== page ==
Brain Injury Mechanisms

Nonpenetrating Cranial Trauma

Head injuries can be classified by their pathologic or morphologic descriptions. Blunt or nonpenetrating trauma occurs as the result of a direct impact on the brain and calvaria. These injuries often occur after a motor vehicle collision or fall, and account for the vast majority of TBI in the USA. This type of injury typically results in focal damage to the underlying brain (coup). In some instances, contrecoup damage occurs from the rebound movement of the viscoelastic brain within its rigid encasement. The predominant contrecoup damage occurs on the side opposite the impact. This is commonly seen with subdural hemorrhages with associated cortical contusion when the brain rebounds off the skull, causing disruption of delicate surface vessels. The inner surface of the skull at its base is irregular, ridged, and restrictive at its anterior margins. As a result, the anterior and inferior portions of the temporal and frontal lobes are often injured by abrupt brain acceleration or deceleration in the sagittal plane.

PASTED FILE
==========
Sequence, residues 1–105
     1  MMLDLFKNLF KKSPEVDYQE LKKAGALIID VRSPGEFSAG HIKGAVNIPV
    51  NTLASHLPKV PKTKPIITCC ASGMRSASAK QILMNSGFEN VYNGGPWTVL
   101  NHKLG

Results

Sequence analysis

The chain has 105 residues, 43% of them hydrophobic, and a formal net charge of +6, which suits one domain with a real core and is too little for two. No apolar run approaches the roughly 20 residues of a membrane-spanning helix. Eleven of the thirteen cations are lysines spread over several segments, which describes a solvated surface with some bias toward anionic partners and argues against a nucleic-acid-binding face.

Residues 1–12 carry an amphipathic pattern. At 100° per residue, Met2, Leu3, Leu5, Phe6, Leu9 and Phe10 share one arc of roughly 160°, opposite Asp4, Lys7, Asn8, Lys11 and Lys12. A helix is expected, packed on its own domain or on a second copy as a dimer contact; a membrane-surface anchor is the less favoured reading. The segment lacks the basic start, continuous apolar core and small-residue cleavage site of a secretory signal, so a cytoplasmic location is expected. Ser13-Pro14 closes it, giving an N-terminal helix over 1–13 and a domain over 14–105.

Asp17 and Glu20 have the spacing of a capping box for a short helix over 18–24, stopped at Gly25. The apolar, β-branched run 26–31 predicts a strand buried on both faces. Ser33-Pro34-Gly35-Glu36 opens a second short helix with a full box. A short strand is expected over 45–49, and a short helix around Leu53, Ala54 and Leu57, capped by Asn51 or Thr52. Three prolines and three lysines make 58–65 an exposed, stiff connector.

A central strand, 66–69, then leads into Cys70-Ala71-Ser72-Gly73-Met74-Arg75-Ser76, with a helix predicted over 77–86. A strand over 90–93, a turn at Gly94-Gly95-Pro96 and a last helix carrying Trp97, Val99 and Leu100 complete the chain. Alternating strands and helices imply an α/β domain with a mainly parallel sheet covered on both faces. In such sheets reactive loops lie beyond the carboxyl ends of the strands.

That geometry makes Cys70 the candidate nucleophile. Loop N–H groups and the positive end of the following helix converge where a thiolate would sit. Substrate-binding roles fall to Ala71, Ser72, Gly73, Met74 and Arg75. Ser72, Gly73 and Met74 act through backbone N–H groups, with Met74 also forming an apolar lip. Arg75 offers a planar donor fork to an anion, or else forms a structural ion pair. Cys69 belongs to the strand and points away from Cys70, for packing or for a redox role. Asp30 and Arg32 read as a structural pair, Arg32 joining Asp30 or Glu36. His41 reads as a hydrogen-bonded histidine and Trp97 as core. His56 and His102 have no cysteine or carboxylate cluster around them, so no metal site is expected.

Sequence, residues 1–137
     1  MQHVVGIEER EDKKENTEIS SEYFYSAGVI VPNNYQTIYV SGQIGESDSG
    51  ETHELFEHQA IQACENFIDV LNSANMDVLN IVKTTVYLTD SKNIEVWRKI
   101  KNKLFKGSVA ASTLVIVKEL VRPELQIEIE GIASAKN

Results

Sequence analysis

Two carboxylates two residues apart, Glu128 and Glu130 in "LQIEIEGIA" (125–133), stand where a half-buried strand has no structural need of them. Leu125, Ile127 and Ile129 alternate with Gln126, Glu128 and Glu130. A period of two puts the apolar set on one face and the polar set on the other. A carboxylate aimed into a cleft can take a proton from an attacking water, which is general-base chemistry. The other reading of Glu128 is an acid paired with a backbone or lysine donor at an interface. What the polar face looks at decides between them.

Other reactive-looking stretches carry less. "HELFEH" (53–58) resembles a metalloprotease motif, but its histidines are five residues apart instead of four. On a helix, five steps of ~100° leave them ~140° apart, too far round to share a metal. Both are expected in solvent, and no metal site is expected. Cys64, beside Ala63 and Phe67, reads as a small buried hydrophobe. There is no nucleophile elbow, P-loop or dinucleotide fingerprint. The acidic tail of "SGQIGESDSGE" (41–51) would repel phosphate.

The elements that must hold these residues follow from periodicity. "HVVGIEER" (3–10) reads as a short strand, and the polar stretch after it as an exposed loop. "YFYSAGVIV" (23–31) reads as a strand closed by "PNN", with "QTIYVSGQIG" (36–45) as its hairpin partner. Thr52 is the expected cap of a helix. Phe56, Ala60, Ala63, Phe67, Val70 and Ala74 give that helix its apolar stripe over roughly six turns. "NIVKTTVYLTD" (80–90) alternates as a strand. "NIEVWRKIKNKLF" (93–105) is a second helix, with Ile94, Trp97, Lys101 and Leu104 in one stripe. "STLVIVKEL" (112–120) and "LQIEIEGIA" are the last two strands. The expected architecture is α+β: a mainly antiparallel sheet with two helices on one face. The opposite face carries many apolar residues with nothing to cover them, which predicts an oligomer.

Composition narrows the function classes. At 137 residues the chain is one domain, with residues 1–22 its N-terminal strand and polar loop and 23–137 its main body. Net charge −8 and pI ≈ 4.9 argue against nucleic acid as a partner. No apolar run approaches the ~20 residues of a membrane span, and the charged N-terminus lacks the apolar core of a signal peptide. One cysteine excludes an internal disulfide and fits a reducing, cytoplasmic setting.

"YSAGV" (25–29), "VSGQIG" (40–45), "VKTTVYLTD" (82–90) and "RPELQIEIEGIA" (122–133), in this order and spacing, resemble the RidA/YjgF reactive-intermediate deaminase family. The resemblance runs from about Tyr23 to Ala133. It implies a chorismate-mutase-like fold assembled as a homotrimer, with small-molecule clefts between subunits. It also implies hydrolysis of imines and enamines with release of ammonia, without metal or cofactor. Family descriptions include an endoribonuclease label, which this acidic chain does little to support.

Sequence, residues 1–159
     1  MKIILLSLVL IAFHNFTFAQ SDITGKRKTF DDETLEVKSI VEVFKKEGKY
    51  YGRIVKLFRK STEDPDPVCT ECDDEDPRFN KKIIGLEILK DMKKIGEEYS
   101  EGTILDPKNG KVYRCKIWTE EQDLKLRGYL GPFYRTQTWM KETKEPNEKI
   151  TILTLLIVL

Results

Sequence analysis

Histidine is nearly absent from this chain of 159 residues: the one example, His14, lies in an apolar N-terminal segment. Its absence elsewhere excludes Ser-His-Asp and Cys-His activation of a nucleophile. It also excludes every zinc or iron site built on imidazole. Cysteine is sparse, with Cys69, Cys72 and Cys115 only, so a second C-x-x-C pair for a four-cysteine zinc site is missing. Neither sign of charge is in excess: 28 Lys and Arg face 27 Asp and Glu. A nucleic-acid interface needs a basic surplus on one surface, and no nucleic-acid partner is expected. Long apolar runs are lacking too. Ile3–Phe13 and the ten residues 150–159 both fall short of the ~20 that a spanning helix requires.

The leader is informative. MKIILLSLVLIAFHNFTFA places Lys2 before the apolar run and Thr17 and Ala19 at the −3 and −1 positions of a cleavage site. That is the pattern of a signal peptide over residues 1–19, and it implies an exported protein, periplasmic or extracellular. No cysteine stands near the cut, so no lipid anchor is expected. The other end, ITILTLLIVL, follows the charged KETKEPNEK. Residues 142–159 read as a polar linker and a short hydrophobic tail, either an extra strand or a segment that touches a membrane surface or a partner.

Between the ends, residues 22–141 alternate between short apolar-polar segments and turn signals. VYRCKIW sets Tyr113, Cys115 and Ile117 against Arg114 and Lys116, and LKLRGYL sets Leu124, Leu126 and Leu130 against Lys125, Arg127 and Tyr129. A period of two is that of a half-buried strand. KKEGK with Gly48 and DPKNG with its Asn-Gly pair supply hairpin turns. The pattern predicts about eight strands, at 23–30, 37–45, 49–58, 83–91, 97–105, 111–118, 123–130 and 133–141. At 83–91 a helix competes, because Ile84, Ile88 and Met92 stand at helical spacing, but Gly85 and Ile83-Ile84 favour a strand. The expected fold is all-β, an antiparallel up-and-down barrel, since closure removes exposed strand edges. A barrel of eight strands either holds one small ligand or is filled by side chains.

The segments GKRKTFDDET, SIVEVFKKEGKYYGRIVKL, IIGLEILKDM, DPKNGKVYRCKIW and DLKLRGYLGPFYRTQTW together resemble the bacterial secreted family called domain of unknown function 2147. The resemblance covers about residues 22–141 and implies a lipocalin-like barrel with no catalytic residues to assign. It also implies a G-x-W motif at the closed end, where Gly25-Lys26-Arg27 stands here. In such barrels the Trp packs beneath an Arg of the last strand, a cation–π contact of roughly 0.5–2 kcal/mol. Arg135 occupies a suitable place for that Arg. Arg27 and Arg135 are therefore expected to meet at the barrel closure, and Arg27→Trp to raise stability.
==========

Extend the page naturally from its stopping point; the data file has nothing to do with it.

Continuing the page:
Pathophysiology

The intracranial contents include the brain parenchymal tissue, cerebrospinal fluid (CSF), and blood. The brain parenchyma accounts for approximately 80% of the intracranial contents, with the remainder being evenly distributed between CSF and blood. The majority of the CSF is in the subarachnoid spaces, and the remainder is in the ventricles, with the postcapillary circulation containing most of the intracranial blood.